Take the 2-minute tour ×
Mathematics Stack Exchange is a question and answer site for people studying math at any level and professionals in related fields. It's 100% free, no registration required.

When approaching a problem in NP, initially not knowing whether the problem is in P or NP-complete (or some other choice). It seems to me the only way one can go about "solving" this problem is to oscillate between:

  1. Attempts to find an efficient algorithm (and finding counter-examples for it).
  2. Trying to reduce an NP-complete to it.

until one of the approaches succeed.

In most cases, if the problem is in P, I have a strong intuition about this fact. I tend to spend more time on step (1), even if I don't end up having a solution. If the problem is hard however, I am completely clueless. I have no intuition about this fact whatsoever until I am shown a reduction (or in rare occasions I find it myself). Think of my confidence that a problem is in P as a straight line, that grows the more I think about the problem, while in hard problems, it is a step function (before/after reduction).

What kind of indicators can one look for to see that a problem is hard except the absence of evidence for the converse? How can I develop my intuition to see a problem and think "hmm.. that looks NP-complete"?

I would understand if the question was closed as not constructive, or not a real question, ..etc.

share|improve this question
    
A good heuristic is to look at a few instances of the problem and to see how hard it is to solve them by hand, using your intuition. Of course this doesn't always work :) –  Listing Mar 1 '12 at 22:09
3  
I think the best (or only) way to be able to say "that looks NP-complete" is to be at least passingly familiar with many different known NP-hard problems. –  Henning Makholm Mar 1 '12 at 22:12
    
@HenningMakholm I am already familiar with most of the "textbook reductions", at least known textbooks, still it does not help that much :-( –  aelguindy Mar 1 '12 at 22:16
2  
Being familiar with many reductions is not quite the same as being familiar with many problems. It's valuable to be able to recall that such-and-such problem is NP-hard, even without being able to produce a proof of that fact ex tempore. –  Henning Makholm Mar 1 '12 at 22:18
3  
Have you read Garey and Johnson, Computers and Intractability? –  Gerry Myerson Mar 1 '12 at 22:37

1 Answer 1

up vote 3 down vote accepted

There are problems that are still not known to be in $P$ or $NP$-hard, so there probably is no definite way to tell that. Moreover, it is possible that some problems are neither in $P$ or $NP$-hard, just in-between. Still I can share my own heuristits when deciding if something is in $P$ or $NP$-hard.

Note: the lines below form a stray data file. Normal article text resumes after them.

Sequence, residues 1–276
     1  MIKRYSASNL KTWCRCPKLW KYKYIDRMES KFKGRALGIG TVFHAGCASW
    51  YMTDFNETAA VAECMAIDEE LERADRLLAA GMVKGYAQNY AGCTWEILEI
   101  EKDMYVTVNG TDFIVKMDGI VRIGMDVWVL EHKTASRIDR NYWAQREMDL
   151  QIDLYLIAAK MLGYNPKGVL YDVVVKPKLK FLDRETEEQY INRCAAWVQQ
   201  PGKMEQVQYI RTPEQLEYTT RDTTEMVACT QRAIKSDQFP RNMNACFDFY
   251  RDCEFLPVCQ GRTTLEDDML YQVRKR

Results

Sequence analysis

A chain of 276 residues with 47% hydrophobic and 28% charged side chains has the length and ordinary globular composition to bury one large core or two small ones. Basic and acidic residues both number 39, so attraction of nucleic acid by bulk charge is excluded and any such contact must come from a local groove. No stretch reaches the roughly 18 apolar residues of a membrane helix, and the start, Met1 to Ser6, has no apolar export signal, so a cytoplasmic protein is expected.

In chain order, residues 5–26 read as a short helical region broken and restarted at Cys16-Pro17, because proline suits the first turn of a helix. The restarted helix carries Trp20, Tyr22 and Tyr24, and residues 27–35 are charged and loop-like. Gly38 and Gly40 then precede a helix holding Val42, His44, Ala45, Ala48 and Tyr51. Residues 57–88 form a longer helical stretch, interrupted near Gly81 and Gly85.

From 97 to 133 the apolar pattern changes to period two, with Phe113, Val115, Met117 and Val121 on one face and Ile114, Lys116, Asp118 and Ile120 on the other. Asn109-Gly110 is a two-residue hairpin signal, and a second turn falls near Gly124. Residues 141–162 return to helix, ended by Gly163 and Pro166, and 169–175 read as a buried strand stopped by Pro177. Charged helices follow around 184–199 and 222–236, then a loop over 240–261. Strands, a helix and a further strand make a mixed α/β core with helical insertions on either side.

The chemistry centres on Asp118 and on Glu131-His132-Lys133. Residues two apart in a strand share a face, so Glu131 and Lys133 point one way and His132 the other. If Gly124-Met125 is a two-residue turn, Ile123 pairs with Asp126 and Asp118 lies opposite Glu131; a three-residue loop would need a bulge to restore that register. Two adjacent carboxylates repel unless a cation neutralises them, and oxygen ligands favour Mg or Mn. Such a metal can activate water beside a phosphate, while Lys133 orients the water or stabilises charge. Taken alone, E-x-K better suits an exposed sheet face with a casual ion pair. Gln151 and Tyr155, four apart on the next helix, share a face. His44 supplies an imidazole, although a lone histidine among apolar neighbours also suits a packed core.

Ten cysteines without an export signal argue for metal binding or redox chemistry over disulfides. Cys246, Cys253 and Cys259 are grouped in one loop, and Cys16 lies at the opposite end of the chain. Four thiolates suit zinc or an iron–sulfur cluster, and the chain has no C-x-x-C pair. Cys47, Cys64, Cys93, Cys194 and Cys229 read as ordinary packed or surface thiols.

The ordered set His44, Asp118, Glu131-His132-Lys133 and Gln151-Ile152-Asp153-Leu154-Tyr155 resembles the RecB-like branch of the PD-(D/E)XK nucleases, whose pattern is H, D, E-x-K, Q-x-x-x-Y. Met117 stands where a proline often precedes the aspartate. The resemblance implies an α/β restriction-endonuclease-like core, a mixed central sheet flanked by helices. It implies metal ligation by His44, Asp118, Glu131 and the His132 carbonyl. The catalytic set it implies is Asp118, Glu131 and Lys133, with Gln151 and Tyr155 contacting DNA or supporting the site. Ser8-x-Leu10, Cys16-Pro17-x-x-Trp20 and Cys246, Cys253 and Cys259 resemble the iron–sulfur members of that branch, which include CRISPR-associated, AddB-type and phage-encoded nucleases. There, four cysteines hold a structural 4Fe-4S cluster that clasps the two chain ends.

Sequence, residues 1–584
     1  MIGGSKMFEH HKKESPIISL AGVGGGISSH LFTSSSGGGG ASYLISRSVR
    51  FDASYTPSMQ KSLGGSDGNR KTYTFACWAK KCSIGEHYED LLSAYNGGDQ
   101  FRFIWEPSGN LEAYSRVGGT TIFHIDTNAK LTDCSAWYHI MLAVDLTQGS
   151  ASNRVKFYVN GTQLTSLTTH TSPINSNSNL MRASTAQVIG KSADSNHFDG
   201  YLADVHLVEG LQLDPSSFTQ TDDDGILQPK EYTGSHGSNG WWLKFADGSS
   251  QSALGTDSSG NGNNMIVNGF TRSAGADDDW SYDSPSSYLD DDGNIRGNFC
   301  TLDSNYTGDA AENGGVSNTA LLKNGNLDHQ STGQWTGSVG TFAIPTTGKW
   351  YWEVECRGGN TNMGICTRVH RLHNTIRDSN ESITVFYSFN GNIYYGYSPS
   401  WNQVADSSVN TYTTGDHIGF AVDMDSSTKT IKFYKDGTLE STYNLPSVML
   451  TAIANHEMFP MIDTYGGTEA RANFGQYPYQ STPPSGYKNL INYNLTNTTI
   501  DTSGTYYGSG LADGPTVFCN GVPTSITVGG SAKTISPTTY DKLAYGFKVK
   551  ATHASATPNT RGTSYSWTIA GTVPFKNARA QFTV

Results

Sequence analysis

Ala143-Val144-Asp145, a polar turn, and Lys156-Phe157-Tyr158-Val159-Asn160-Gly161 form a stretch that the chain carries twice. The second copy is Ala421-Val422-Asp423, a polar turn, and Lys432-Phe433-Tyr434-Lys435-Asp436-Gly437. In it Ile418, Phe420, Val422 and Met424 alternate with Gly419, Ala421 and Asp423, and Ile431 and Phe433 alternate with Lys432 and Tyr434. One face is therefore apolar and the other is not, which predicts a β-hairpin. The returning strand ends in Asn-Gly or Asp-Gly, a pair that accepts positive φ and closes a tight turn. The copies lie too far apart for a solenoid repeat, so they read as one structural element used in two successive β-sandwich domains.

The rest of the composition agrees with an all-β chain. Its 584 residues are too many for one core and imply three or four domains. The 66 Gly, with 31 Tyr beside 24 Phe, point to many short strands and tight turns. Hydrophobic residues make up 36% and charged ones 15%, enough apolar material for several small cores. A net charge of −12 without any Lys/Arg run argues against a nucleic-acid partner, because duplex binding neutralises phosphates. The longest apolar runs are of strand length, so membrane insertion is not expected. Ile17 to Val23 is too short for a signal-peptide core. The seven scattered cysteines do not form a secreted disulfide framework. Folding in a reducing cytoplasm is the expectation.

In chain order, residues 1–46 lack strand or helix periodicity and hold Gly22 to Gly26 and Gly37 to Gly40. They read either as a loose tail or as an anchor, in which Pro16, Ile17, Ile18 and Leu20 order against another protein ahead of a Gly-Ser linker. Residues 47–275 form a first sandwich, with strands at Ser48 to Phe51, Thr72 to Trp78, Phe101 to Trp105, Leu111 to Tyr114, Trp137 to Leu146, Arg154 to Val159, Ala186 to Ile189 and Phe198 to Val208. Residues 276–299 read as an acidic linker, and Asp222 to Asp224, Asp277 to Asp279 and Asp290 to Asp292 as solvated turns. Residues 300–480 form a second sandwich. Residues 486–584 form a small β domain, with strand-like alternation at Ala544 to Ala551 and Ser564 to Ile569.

1. Problems in $P$ usually have regular structure and good locality--it is enough to know few local things and some small global state.
  2. For problems in $P$ there are usually some bounds that restrict possible number of choices at a given moment disregarding previous decisions, e.g. in BFS algorithm in every moment the size of the queue is at most $n$, independent of which paths you have traversed or which vertexes have visited; similarly the sum of neighbors of all vertexes is bound by $m$, independent of the path by which you have reached them.
  3. Problems that are $NP$-hard usually have a subset nature hidden somwhere, i.e. SAT have subsets of variables that are true, TSP has subsets of edges, graph-coloring algorithms have subsets of vertices with given color, Clique has subsets of vertices, etc.
  4. Problems that are $NP$-hare are usually non-local--changing color of one vertex may possibly force majority of other colors to be changed, changing one SAT variable may force a lot of others to change their values.
  5. Computing some numbers with arbitrary precision can be $NP$-hard; then the intuition is that in that number you could encode a complex problem.
  6. There is a class of problems called $FPT$ (Fixed Parameter Tractable), often $NP$-hard problems would have some kernel that is hard, and then if that kernel can be somehow bounded, then the algorithm may be still polynomial; e.g. many graph problems that are $NP$-hard, can solved in $P$ for planar cases or graphs with bounded tree-width.
  7. I could go one further, but the hints are less and less usable and I have to finish somewhere, so finally, it is really important what is the input to the algorithm--Knapsack problem is $NP$-complete, but there is a dynamic programming approach that is polynomial if the size of the knapsack is given in base $1$ (i.e. as a string of zeros of appropriate length).

Have fun with those!

share|improve this answer

Your Answer

 
discard

By posting your answer, you agree to the privacy policy and terms of service.

Not the answer you're looking for? Browse other questions tagged or ask your own question.